Dale Farran has been studying early childhood education for half a century. Yet her most recent scientific publication has made her question everything she thought she knew.
“It really has required a lot of soul-searching, a lot of reading of the literature to try to think of what were plausible reasons that might account for this.”
And by “this,” she means the outcome of a study that lasted more than a decade. It included 2,990 low-income children in Tennessee who applied to free, public prekindergarten programs. Some were admitted by lottery, and the others were rejected, creating the closest thing you can get in the real world to a randomized, controlled trial — the gold standard in showing causality in science.
Farran and her co-authors at Vanderbilt University followed both groups of children all the way through sixth grade. At the end of their first year, the kids who went to pre-K scored higher on school readiness — as expected.
But after third grade, they were doing worse than the control group. And at the end of sixth grade, they were doing even worse. They had lower test scores, were more likely to be in special education, and were more likely to get into trouble in school, including serious trouble like suspensions.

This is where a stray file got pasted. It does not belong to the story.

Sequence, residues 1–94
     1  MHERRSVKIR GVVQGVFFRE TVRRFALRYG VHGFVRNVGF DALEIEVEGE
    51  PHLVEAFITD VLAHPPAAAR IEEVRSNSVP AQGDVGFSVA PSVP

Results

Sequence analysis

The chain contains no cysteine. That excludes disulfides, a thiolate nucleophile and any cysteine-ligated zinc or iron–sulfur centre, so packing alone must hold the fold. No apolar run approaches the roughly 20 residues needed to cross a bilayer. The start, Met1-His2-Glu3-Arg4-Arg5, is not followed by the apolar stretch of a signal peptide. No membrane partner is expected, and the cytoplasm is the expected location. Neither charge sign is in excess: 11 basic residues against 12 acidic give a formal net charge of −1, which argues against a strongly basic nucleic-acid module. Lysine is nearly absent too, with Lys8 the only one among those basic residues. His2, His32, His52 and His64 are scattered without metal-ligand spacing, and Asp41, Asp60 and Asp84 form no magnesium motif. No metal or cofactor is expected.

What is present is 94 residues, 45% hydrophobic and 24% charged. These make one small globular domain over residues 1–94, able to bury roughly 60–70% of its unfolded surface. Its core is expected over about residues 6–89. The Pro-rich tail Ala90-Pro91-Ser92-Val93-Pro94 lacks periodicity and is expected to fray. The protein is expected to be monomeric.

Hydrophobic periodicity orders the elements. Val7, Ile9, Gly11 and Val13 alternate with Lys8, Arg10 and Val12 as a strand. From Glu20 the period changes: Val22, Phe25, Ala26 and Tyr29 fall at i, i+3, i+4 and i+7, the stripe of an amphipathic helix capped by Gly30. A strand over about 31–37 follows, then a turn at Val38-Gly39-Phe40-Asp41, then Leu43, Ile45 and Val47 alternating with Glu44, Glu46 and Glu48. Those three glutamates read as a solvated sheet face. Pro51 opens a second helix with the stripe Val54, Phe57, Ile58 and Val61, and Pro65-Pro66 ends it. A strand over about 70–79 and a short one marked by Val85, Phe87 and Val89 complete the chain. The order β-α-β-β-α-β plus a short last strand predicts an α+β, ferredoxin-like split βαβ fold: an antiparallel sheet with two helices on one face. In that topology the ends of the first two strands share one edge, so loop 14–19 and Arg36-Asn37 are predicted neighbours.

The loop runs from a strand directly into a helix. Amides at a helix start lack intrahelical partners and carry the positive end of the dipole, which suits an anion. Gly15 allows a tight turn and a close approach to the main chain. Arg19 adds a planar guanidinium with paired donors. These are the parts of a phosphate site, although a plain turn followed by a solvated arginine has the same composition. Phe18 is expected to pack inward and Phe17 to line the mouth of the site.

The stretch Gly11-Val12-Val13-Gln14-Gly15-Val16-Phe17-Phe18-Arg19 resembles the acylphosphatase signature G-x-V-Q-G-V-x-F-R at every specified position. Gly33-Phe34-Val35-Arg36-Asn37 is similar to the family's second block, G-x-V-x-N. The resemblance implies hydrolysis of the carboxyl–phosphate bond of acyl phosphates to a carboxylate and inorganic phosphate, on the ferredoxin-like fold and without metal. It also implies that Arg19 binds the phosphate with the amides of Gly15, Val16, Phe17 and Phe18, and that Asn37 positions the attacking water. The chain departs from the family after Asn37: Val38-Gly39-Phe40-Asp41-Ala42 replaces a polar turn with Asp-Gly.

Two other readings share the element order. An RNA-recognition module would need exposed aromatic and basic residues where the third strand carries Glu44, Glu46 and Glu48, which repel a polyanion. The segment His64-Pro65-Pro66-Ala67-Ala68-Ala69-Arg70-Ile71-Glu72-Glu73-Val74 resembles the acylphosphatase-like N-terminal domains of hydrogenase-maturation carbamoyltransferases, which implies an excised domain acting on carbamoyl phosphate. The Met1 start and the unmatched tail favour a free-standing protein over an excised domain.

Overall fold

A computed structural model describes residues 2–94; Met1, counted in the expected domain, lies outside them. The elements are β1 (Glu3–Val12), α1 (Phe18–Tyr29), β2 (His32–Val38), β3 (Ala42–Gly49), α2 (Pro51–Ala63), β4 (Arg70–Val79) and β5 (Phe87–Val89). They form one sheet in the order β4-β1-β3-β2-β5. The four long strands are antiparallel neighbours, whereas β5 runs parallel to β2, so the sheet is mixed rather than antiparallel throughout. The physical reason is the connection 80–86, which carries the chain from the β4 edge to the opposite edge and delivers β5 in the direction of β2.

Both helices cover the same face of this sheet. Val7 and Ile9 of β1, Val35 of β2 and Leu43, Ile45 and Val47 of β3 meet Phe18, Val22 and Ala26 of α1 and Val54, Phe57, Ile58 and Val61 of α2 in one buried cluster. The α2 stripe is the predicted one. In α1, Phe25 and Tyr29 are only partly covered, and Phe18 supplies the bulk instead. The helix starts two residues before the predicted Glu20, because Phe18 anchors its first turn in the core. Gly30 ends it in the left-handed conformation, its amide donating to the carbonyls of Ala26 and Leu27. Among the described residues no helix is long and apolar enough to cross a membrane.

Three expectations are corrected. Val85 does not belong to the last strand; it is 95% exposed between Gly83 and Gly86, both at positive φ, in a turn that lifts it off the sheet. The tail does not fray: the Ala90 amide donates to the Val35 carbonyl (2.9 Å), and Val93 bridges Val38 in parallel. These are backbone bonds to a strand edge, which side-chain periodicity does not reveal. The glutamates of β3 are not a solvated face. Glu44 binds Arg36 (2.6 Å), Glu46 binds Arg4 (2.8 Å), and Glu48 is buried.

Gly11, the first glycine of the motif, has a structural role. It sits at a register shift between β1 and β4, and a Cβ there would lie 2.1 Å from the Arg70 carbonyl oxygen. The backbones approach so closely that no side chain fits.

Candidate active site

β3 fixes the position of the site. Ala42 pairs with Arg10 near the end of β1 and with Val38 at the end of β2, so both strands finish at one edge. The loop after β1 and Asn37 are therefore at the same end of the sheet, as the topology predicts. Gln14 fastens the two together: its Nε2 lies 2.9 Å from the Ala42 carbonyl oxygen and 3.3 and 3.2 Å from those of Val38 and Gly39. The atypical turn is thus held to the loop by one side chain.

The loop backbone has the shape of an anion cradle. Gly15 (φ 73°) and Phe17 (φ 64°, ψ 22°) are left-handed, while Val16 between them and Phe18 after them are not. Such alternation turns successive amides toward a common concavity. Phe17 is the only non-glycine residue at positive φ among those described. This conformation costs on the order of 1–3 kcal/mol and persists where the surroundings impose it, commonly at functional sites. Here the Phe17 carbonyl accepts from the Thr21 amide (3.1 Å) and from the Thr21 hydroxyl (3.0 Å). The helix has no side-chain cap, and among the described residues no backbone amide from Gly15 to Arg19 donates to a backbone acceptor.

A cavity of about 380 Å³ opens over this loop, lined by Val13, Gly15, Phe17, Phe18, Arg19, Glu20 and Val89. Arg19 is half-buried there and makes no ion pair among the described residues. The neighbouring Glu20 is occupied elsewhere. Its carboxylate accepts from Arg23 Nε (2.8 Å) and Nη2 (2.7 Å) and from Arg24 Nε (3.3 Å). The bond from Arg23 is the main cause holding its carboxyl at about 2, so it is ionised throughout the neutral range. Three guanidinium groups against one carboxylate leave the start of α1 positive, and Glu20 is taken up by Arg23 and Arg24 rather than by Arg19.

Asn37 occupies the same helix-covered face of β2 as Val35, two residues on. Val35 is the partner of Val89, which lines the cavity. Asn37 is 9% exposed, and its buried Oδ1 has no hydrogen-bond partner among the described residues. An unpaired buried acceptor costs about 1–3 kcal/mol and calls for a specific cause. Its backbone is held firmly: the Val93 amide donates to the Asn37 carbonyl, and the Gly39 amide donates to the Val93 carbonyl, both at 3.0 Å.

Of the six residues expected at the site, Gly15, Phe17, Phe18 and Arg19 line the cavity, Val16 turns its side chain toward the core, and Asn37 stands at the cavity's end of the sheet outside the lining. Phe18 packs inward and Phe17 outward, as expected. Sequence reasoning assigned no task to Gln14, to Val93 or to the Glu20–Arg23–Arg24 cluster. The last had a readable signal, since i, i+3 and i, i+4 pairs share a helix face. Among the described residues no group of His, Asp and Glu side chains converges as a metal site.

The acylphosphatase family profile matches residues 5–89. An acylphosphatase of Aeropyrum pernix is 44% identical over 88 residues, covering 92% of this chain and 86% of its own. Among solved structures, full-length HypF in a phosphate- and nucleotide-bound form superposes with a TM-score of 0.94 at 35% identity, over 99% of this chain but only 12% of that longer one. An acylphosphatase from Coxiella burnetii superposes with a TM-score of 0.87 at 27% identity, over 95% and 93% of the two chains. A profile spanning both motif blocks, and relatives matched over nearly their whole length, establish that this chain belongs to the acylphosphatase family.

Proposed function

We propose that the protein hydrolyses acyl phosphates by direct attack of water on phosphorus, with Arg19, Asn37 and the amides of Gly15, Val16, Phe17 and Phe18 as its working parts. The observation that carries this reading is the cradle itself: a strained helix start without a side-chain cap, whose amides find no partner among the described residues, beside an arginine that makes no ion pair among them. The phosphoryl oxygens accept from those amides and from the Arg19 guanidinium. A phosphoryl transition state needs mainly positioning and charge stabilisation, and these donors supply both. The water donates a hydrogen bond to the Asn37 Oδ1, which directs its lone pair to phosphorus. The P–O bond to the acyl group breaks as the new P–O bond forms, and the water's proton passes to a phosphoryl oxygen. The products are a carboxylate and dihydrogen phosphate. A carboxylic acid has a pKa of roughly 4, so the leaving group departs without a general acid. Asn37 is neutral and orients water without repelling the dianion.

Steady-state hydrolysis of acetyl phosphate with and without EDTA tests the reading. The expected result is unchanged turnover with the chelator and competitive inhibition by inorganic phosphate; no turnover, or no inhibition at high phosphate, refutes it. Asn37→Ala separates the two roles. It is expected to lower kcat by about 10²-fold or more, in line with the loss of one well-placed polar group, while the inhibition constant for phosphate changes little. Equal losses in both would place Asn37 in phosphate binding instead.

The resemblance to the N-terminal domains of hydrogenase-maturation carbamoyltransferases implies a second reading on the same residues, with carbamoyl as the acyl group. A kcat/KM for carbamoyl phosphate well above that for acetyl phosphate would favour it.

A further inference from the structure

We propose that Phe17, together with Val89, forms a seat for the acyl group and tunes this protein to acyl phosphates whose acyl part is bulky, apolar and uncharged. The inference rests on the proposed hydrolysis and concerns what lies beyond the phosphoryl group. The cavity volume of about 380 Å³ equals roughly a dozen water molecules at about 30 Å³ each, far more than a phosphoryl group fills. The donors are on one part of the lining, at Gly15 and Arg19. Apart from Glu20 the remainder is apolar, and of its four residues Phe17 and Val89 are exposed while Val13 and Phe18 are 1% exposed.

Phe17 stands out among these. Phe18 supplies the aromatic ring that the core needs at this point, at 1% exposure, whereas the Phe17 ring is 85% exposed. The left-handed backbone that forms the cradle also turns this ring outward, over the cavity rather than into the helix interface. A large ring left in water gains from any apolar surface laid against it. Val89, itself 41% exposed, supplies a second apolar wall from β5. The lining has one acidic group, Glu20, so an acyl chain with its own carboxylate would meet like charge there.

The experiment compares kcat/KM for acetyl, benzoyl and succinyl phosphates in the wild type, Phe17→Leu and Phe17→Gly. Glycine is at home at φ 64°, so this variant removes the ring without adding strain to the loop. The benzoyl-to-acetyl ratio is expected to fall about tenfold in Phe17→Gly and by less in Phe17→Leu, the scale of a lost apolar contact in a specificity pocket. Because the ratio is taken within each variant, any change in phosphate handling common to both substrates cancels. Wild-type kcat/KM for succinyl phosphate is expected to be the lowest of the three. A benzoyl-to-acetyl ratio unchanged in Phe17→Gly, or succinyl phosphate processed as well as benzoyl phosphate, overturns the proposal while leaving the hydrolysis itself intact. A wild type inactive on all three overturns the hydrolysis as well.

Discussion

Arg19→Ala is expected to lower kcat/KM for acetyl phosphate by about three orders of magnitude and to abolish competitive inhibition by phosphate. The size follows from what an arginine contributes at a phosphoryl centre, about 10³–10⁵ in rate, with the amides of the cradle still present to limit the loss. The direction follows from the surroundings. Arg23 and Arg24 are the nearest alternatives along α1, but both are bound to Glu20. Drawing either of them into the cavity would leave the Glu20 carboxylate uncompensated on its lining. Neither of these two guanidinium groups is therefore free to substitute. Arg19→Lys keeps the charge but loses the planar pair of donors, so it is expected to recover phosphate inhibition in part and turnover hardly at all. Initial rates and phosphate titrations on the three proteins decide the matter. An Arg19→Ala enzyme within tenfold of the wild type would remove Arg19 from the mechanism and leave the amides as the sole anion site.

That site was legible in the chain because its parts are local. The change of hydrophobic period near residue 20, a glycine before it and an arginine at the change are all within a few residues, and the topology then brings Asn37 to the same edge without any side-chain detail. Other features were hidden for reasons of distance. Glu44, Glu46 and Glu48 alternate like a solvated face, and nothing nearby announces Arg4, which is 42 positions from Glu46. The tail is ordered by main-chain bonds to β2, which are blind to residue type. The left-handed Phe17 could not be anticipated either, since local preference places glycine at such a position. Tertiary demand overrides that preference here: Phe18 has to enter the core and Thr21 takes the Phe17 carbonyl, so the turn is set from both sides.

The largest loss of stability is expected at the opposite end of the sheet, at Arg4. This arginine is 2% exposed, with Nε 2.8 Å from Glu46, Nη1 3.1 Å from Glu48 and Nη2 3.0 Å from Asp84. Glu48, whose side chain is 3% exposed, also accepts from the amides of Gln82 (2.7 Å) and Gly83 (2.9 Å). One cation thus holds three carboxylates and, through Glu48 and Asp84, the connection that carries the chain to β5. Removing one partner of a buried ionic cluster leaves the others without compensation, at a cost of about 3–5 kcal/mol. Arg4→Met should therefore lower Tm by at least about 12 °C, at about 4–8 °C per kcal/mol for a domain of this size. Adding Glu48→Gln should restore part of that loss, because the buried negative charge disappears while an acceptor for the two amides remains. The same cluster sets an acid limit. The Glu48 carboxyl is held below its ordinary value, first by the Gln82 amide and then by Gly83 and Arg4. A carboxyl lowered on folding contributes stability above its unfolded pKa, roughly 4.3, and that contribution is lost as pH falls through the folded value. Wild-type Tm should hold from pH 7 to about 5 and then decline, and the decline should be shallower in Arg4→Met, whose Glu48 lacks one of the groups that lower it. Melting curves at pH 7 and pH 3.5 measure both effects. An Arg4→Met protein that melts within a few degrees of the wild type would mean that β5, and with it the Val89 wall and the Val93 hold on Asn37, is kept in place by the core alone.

“Whereas in third grade we saw negative effects on one of the three state achievement tests, in sixth grade we saw it on all three — math, science and reading,” says Farran. “In third grade, where we had seen effects on one type of suspension, which is minor violations, by sixth grade we’re seeing it on both types of suspensions, both major and minor.”
That’s right. A statewide public pre-K program, taught by licensed teachers, housed in public schools, had a measurable and statistically significant negative effect on the children in this study.
Farran hadn’t expected it. She didn’t like it. But her study design was unusually strong, so she couldn’t easily explain it away.
“This is still the only randomized controlled trial of a statewide pre-K, and I know that people get upset about this and don’t want it to be true.”